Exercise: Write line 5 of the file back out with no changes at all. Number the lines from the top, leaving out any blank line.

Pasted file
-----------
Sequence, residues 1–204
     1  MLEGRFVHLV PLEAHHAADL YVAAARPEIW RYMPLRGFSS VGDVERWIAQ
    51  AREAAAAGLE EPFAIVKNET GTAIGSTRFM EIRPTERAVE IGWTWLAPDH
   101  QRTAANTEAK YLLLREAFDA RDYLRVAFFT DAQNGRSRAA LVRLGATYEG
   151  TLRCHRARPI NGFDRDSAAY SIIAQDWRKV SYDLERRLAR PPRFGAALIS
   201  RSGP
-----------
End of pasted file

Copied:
   151  TLRCHRARPI NGFDRDSAAY SIIAQDWRKV SYDLERRLAR PPRFGAALIS